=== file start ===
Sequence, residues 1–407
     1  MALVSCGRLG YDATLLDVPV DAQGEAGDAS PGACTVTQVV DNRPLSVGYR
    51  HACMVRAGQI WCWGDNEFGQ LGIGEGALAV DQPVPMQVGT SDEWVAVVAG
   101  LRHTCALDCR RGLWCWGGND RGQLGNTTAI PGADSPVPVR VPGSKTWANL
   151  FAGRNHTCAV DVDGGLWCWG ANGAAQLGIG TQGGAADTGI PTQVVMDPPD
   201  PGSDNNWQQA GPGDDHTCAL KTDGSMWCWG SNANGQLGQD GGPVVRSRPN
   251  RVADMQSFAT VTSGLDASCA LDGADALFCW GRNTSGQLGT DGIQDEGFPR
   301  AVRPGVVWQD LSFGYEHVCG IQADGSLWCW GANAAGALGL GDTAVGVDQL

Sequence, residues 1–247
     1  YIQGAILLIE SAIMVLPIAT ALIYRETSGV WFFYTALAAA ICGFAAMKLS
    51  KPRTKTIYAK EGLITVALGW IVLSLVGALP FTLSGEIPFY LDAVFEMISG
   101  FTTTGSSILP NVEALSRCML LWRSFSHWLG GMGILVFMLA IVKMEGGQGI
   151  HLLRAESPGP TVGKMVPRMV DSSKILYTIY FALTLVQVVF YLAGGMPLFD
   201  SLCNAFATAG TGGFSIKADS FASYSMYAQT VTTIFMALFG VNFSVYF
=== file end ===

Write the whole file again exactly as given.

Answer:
Sequence, residues 1–407
     1  MALVSCGRLG YDATLLDVPV DAQGEAGDAS PGACTVTQVV DNRPLSVGYR
    51  HACMVRAGQI WCWGDNEFGQ LGIGEGALAV DQPVPMQVGT SDEWVAVVAG
   101  LRHTCALDCR RGLWCWGGND RGQLGNTTAI PGADSPVPVR VPGSKTWANL
   151  FAGRNHTCAV DVDGGLWCWG ANGAAQLGIG TQGGAADTGI PTQVVMDPPD
   201  PGSDNNWQQA GPGDDHTCAL KTDGSMWCWG SNANGQLGQD GGPVVRSRPN
   251  RVADMQSFAT VTSGLDASCA LDGADALFCW GRNTSGQLGT DGIQDEGFPR
   301  AVRPGVVWQD LSFGYEHVCG IQADGSLWCW GANAAGALGL GDTAVGVDQL

Sequence, residues 1–247
     1  YIQGAILLIE SAIMVLPIAT ALIYRETSGV WFFYTALAAA ICGFAAMKLS
    51  KPRTKTIYAK EGLITVALGW IVLSLVGALP FTLSGEIPFY LDAVFEMISG
   101  FTTTGSSILP NVEALSRCML LWRSFSHWLG GMGILVFMLA IVKMEGGQGI
   151  HLLRAESPGP TVGKMVPRMV DSSKILYTIY FALTLVQVVF YLAGGMPLFD
   201  SLCNAFATAG TGGFSIKADS FASYSMYAQT VTTIFMALFG VNFSVYF